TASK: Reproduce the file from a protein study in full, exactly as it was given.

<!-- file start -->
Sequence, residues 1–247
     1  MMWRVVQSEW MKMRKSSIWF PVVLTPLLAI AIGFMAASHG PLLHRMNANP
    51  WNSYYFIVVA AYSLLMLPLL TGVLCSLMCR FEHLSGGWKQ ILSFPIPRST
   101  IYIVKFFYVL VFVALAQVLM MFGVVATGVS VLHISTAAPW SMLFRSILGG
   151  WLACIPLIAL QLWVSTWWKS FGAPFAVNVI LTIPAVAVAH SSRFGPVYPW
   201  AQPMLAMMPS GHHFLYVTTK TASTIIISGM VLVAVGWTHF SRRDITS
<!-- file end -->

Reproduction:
Sequence, residues 1–247
     1  MMWRVVQSEW MKMRKSSIWF PVVLTPLLAI AIGFMAASHG PLLHRMNANP
    51  WNSYYFIVVA AYSLLMLPLL TGVLCSLMCR FEHLSGGWKQ ILSFPIPRST
   101  IYIVKFFYVL VFVALAQVLM MFGVVATGVS VLHISTAAPW SMLFRSILGG
   151  WLACIPLIAL QLWVSTWWKS FGAPFAVNVI LTIPAVAVAH SSRFGPVYPW
   201  AQPMLAMMPS GHHFLYVTTK TASTIIISGM VLVAVGWTHF SRRDITS